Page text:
• 17. Implications for Enterprises: CSR Management
    • How do companies address socio-environmental & legal compliance issues?
    • Policies - Code of Conduct
    • Systems - Compliance Management
    • Reporting - Accounting and Reporting
  • 18. CSR Management: Systems approach Sustainable business development does not come about of its own accord. Rather, commitment to sustainability demands that corporate processes be reliably controlled and that everyone's actions - in finance as much as in environmental and social areas - be coordinated. Prerequisites for this are binding guidelines, unambiguous corporate goals and a clear organizational structure . - Deutsche Telekom
  • 19. CSR Management: Management structure Example: Chiquita Board of Directors President & CEO Group Presidents Chief Financial Officer VP of Human Resources General Counsel Corporate Responsibility Officer Steering Committee Audit Committee of Board
  • 20. CSR Management: Plan, Do, Check, Act method
    • Plan
    • Consult stakeholders
    • Establish code of conduct
    • Set targets
    • Do
    • Establish management systems and personnel
    • Promote code compliance
    • Check
    • Measure progress
    • Audit
    • Report
    • Act
    • Corrective action
    • Reform of systems
  • 21. Code of Conduct: Widespread adoption among TNCs
    • Adoption of…
    • More than half of the 100 largest firms by global revenue (Fortune Global 100)
    • More than a third of the 100 largest firms by foreign assets (UNCTAD WIR 100)
      • 57% of all foreign assets
      • 51% of all foreign sales
      • 65% of all foreign employees
    Codes found among all industrial sectors. Source: OECD 1999 survey of 233 codes
  • 22. Code of Conduct: Issue emphasis varies by industry Source: OECD 1999 survey of 233 codes
  • 23. Code of Conduct: Emerging consensus on key issues Source: Conference Board 1999, Survey of 123 Codes
  • 24. Code of Conduct: Cascade effect Source: OECD 1999 survey of 233 codes
  • 25. Code of Conduct: Cascade effect Source: Conference Board 1999, Survey of 123 Codes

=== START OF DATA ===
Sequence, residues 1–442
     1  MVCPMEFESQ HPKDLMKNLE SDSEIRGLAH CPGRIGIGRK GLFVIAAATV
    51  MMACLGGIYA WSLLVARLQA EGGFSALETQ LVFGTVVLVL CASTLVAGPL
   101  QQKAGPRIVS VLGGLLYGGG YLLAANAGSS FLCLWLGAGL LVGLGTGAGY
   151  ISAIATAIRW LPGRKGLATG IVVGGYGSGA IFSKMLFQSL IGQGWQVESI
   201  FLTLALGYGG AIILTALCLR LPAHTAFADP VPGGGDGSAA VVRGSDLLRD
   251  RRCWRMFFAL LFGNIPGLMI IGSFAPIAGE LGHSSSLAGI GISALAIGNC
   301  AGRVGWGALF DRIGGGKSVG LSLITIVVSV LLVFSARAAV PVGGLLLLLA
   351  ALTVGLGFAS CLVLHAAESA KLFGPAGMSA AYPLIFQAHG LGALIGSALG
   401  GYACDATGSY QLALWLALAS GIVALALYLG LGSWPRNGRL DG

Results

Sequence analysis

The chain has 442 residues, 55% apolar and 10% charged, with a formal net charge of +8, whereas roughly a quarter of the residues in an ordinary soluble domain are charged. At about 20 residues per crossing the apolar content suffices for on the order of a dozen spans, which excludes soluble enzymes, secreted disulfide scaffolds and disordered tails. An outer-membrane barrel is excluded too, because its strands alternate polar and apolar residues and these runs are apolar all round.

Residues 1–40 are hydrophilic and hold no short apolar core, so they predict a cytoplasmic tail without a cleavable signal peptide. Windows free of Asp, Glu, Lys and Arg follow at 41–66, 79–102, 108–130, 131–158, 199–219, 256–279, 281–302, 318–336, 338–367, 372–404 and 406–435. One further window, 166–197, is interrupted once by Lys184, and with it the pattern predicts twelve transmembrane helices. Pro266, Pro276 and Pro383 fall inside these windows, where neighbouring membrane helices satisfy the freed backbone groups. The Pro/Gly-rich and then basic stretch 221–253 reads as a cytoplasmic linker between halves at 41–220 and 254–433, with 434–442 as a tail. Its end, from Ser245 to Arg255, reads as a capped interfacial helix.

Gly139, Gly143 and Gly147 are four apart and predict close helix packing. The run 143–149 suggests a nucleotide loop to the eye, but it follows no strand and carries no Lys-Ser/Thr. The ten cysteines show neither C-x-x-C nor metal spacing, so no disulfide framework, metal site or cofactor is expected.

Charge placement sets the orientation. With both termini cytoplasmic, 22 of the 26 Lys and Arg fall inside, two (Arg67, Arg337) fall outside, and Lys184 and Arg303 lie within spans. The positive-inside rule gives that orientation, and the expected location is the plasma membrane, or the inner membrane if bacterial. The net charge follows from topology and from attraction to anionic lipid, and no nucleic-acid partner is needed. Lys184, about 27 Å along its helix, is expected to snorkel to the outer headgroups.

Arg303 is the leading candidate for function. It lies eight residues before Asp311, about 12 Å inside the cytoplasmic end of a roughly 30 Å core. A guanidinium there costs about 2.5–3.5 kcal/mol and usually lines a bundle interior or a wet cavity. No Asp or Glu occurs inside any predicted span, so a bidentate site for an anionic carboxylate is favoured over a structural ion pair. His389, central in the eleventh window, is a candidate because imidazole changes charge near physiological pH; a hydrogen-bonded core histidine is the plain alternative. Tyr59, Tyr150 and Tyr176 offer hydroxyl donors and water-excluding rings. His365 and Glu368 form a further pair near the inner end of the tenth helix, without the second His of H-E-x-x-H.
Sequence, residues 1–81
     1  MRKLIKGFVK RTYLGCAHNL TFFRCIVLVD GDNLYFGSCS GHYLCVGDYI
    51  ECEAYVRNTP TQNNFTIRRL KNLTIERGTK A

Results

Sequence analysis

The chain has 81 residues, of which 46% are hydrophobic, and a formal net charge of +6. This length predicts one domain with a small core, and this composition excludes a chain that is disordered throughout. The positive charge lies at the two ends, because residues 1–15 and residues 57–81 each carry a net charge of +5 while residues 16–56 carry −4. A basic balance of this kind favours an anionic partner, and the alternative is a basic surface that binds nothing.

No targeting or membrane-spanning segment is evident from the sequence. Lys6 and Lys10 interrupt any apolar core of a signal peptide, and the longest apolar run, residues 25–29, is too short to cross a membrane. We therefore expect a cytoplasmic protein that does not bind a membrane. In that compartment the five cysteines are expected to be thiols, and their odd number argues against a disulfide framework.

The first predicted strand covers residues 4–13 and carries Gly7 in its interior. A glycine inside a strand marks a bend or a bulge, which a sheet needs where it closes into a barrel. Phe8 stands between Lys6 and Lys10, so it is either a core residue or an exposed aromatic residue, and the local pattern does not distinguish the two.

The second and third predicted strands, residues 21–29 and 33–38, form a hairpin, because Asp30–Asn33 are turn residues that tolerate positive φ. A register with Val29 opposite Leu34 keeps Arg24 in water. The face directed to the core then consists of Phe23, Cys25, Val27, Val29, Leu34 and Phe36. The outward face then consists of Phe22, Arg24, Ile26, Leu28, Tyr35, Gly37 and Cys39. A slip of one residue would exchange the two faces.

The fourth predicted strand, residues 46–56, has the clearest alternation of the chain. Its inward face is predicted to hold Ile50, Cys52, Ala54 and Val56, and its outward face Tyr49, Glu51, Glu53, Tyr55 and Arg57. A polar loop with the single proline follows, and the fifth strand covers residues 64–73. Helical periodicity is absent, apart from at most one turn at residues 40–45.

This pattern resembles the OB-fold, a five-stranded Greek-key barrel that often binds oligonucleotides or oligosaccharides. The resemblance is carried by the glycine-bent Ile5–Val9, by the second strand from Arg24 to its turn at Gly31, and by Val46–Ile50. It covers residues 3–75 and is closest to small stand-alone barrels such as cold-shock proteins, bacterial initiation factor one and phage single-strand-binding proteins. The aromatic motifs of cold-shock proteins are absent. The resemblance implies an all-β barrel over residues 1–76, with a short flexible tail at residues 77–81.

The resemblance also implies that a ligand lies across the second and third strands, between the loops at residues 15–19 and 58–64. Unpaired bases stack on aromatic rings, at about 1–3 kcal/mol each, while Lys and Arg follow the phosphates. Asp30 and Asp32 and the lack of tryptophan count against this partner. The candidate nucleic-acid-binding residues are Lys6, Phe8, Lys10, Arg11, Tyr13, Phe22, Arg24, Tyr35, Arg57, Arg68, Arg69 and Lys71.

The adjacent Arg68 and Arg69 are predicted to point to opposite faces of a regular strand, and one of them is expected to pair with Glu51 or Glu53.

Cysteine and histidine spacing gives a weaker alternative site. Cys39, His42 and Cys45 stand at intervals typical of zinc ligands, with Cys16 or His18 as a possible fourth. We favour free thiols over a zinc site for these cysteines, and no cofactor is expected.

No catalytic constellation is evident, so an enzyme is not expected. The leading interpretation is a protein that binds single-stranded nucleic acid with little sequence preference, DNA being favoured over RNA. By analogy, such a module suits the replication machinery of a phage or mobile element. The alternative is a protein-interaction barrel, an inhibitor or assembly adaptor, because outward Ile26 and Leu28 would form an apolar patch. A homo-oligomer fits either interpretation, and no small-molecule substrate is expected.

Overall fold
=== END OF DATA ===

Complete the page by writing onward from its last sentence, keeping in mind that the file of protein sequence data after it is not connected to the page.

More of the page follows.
• 26. Sphere of Influence Who – is to be influenced?
  • 27. Sphere of Influence What – issues are to be influenced?
  • 28. Sphere of Influence How – are those issues to be influenced?
  • 29. Sphere of Influence Example: Mattel Who: suppliers, JVs and branch plants What: OSH How: focus on manufacturing processes, HR, factory design
  • 30. CSR Management: Governing the value chain
  • 31. Compliance Management: Management by certification
    • Introduced 1998
    • By 2005: 763 factories, 47 countries
    • Introduced 1995
    • By 2002: 37,000 factories, 112 countries
  • 32. Compliance Management: Management by certification
    • ISO 26000: Social Responsibility
            • To be Introduced in 2009 or 2010
            • NOT a Management System (?)
            • NOT a Certifiable Standard (?)
  • 33. ISO 26000 Roadmap Principles of SR 1. Ethical behaviour 2. Respect for rule of law 3. Respect for international norms of behaviour 4. Respect for and considering of stakeholder interests 5. Accountability 6. Transparency 7. Precautionary approach 8. Respect for human rights Organizational Governance Human Rights Labour Practises Environment Fair operating practises Consumer issues Community & society development Core Subjects Implementing SR 7.2 Defining scope 7.5 Implementing in daily practise 7.7 Evaluating performance 7.8 Enhancing credibility 7.4 Integrating into organization 7.3 Working With Stakeholders 7.3 Communicating
  • 34. CSR Management: Supply chain specific
  • 35. CSR Management: CSR reporting becomes ‘mainstream’ % of Large Firms Issuing a CSR Report 64%
  • 36. CSR Management: Emerging standards in CSR Reporting Global Reporting Initiative (GRI) A multi-stakeholder initiative www.globalreporting.org International Standards of Accounting and Reporting (ISAR) A project of UNCTAD www.unctad.org/isar
  • 37. Implications for Development
    • CSR ‘ cascade effect ’ on members of the global value chain
      • labour conditions (e.g. OSH, right to organise, wages)
      • environmental controls
      • transfer of new management techniques
    • Compensation for weak legal environment in LDCs
    • Impact on economic development & national competitiveness???
  • 38. Implications for Development: CSR management CSR performance among 100 emerging market enterprises Source: UNCTAD, 2008
  • 39. Implications for Development: CSR management CSR performance among 100 emerging market enterprises Source: UNCTAD, 2008
  • 40. Implications for Development: CSR management CSR performance among 100 emerging market enterprises Source: UNCTAD, 2008
  • 41. Implications for Development: is CSR good for growth?
    • “… [CSR] is liable to hold back the development of poor countries through the suppression of employment opportunities within them.”
    David Henderson “ [CSR]’s adoption would reduce competition and economic freedom, and undermine the market economy.”
  • 42. Implications for Development: Experiments in quantification Does an increase in CSR correspond with an increase in labour costs?
  • 43. Implications for Development: Experiments in quantification Does an increase in CSR correspond with a decrease in real GDP growth?
  • 44. Thank you Dr. Anthony Miller United Nations Conference on Trade and Development [email_address]